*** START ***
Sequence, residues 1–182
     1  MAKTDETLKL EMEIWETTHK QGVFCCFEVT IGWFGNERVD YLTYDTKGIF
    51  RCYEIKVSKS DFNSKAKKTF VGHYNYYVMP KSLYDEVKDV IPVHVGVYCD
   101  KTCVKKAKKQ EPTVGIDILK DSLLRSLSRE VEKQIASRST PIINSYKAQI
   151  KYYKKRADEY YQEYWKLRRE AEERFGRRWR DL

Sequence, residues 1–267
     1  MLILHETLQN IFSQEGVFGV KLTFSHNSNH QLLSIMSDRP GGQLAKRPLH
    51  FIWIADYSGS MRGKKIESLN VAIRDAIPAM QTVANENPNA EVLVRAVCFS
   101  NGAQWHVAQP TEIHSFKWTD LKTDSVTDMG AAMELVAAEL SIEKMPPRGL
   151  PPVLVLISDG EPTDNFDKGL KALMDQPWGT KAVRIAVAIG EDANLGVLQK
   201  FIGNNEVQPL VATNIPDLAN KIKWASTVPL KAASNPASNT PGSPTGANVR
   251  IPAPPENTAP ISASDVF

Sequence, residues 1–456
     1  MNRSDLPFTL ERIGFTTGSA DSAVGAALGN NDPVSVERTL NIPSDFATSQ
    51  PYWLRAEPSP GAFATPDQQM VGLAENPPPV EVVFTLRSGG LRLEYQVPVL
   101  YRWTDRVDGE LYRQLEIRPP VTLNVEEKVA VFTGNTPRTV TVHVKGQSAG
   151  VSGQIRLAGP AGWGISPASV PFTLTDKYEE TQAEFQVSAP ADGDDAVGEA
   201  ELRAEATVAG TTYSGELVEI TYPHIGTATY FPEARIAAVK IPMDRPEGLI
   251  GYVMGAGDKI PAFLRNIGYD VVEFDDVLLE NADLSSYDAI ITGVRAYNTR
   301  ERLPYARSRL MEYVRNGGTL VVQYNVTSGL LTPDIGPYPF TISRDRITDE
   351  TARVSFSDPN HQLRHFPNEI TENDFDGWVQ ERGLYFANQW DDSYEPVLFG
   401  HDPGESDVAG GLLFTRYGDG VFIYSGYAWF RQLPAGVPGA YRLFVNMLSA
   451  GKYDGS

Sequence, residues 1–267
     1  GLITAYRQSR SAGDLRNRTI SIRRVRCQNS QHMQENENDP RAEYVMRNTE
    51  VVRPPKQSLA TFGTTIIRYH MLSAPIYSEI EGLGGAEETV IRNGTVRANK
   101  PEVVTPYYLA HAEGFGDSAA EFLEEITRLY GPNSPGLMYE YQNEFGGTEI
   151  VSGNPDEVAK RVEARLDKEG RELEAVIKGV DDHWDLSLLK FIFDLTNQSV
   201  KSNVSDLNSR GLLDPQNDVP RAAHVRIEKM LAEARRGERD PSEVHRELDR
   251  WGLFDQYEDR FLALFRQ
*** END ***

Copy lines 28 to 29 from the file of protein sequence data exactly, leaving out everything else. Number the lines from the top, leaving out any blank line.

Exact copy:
   151  VSGNPDEVAK RVEARLDKEG RELEAVIKGV DDHWDLSLLK FIFDLTNQSV
   201  KSNVSDLNSR GLLDPQNDVP RAAHVRIEKM LAEARRGERD PSEVHRELDR